A federal lawsuit alleging widespread confusion over California's presidential primary rules asks that voter registration be extended past Monday's deadline until the day of the state's primary election on June 7.
"Mistakes are being made," said William Simpich, an Oakland civil rights attorney who filed the lawsuit Friday.
At issue is whether voters understand the rules for the presidential primary, which differ from those governing other elections in California.
Unlike statewide primaries — where voters now choose any candidate, no matter the political party — the presidential contests are controlled by the parties themselves. Democrats have opened up their primary between
But the lawsuit alleges elections officials in some of California's 58 counties aren't making that clear to these unaffiliated voters.
"There's mass confusion," Simpich said in an interview on Saturday night. "This is a situation that really shouts out for some uniformity."
Simpich said a judge should require state elections officials to conduct a broad public awareness campaign about the voting rules before May 31, the deadline for requesting a ballot by mail.
And to ensure unregistered Californians aren't disenfranchised in the presidential contest, the lawsuit asks voter registration be extended from its deadline on Monday until June 7, the day of the election.
There is no indication yet of whether a judge will agree with the suit.
The lawsuit's plaintiffs include two Bay Area voters and the American Independent Party, a minor party that is allowing unaffiliated voters to cast presidential ballots and has also faced its own problems with voter confusion in recent weeks.
Also listed as a plaintiff is a group called the Voting Rights Defense Project, described as "an organization campaigning to heighten voter education and voter turnout for their candidate, Bernie Sanders."
The lawsuit names the registrars of voters in San Francisco and Alameda counties as well as Secretary of State Alex Padilla as defendants.
A spokesman for Padilla on Sunday declined to comment on the pending litigation.
The suit focuses on whether "no party preference" voters who intend to cast ballots by mail understand they can ask for a ballot from one of the three parties that allow them to cross over and participate in the race for president: the Democratic Party, the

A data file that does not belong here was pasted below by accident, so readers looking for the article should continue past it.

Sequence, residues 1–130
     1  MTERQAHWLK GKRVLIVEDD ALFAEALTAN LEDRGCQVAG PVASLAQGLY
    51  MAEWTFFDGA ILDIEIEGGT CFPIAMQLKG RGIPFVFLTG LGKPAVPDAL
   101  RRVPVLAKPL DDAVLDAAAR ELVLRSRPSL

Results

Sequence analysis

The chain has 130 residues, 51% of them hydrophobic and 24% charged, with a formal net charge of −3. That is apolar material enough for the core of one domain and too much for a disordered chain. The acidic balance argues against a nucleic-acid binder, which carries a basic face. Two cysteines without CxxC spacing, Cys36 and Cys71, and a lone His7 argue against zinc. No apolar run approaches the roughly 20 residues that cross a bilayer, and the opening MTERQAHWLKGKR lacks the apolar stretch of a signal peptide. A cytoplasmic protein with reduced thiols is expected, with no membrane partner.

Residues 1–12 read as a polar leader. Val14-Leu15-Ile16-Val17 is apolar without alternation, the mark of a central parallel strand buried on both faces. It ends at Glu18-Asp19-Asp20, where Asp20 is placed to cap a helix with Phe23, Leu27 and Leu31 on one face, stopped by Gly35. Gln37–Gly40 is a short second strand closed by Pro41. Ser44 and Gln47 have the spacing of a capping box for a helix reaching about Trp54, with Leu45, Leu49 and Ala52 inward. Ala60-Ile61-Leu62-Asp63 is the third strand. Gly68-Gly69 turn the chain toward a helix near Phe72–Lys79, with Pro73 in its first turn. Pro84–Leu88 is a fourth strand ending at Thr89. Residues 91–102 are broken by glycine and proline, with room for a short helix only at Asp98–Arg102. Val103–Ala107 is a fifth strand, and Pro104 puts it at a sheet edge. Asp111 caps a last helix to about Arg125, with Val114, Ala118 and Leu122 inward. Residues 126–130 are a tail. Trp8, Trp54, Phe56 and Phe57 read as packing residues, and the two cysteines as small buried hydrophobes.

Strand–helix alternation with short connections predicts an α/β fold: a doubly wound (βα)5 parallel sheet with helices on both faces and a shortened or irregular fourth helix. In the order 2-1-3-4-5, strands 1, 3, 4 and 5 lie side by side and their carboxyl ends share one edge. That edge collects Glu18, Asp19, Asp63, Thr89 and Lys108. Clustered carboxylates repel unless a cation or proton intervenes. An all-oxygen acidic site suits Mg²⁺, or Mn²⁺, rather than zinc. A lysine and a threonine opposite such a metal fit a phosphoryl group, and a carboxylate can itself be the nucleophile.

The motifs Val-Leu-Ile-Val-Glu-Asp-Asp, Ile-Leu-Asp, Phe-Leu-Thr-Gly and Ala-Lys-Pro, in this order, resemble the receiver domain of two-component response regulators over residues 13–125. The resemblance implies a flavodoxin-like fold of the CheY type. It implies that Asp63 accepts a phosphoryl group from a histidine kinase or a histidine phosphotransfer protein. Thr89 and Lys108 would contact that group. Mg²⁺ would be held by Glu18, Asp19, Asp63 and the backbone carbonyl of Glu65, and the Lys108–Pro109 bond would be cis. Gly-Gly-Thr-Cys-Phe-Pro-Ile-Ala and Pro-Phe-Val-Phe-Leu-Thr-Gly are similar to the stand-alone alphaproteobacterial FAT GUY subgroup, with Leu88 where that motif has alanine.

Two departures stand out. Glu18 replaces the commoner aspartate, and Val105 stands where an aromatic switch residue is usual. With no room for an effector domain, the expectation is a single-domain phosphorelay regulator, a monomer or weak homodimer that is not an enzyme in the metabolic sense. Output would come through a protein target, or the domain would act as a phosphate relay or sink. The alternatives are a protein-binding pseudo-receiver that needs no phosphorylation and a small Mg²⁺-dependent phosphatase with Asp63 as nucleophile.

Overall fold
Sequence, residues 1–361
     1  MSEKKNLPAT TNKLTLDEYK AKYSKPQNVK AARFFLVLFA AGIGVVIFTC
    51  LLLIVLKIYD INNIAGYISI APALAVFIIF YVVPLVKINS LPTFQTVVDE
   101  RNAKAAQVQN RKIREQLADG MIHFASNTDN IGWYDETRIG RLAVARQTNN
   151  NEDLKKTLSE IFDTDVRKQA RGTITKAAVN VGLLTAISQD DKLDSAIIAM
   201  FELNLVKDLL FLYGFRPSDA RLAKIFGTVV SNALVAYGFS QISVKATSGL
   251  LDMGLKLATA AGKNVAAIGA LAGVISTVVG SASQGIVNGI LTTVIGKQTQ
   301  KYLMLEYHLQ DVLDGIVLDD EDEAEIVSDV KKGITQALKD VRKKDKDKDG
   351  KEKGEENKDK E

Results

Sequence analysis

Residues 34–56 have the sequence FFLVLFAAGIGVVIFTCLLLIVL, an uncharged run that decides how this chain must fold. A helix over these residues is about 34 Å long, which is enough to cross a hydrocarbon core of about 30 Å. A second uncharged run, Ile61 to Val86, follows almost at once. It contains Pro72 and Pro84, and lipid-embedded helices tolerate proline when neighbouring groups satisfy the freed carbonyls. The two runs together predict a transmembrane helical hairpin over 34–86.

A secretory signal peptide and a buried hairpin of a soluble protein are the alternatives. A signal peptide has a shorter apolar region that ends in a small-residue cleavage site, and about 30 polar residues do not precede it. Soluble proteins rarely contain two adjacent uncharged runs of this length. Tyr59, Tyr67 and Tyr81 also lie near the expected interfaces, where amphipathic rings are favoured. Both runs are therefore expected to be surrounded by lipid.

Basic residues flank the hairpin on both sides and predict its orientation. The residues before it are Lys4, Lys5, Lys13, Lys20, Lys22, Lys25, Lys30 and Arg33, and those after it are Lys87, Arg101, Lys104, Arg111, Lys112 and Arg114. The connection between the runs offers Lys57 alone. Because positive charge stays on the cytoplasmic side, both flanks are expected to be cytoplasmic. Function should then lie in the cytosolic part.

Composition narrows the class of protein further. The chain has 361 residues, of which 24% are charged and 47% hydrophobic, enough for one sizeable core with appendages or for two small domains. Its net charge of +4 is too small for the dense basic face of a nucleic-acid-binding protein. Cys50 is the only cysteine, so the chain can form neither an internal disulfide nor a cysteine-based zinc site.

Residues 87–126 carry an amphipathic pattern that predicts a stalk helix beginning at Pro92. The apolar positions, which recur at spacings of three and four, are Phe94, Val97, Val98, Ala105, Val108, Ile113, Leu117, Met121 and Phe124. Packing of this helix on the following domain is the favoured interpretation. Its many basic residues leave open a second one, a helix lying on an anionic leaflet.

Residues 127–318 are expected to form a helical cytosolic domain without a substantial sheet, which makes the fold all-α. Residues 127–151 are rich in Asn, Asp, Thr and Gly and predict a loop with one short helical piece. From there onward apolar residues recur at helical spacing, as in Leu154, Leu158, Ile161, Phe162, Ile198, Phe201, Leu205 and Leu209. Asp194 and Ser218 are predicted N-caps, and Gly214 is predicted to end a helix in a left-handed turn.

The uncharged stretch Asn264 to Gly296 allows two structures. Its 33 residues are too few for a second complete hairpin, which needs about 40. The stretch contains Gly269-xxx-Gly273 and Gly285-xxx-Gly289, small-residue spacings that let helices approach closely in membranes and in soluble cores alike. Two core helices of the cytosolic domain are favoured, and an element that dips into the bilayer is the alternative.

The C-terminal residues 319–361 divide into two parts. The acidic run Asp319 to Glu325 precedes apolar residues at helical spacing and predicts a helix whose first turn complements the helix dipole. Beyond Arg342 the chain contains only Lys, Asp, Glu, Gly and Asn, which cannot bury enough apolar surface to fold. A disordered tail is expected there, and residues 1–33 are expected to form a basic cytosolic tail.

If they do not make the request, those voters will receive a ballot with a blank space where partisan ballots list the presidential candidates.
The lawsuit alleges that some counties have not done an adequate job of informing these voters. A recent report by Political Data Inc., a company that is paid to analyze California voter information for candidates and campaigns, found relatively few unaffiliated voters have asked for a ballot with presidential candidates.
As of last week, only 9% of "no party preference" voters in Los Angeles County had been mailed a Democratic ballot.
Neal Kelley, registrar of voters in Orange County and president of the state association of elections officials, said that about 23% of his county's "no party preference" voters have asked for partisan ballots. And he said that the outreach effort was carefully planned.
"Counties have been gearing up for this for well over a year," Kelley said.
While he would not comment on the allegations contained in the federal lawsuit, Kelley said it's not possible for elections officials to register voters on election day. California has plans to move to a "same-day registration" system in 2018 after certifying its new statewide voter database.
In the meantime, the current elections process relies on paper documents at each polling place listing eligible voters.
"The infrastructure's not in place," said Kelley.
Both Sanders and Clinton are ramping up their efforts in California with the presidential primary a little more than two weeks away. Sanders held a rally outside of San Diego on Saturday and has multiple events planned, while Clinton arrives Monday night and plans several days' worth of events.
Supporters of Sanders, whose candidacy has been boosted in other states by independent voters, are intently focused on the state's "no party preference" voters who now account for roughly one quarter of the registered electorate.
He said accusations have been made that some elections officials are training poll workers to hand out provisional ballots on election day to any "no party preference" voter who asks for a partisan presidential ballot, and even then only if one is requested.
Kelley said "no party preference" voters can easily resolve problems on election day — including those who didn't receive the ballot they wanted in the mail.
"They can take that ballot in and surrender it," he said. "There's no need to vote a provisional ballot in that case."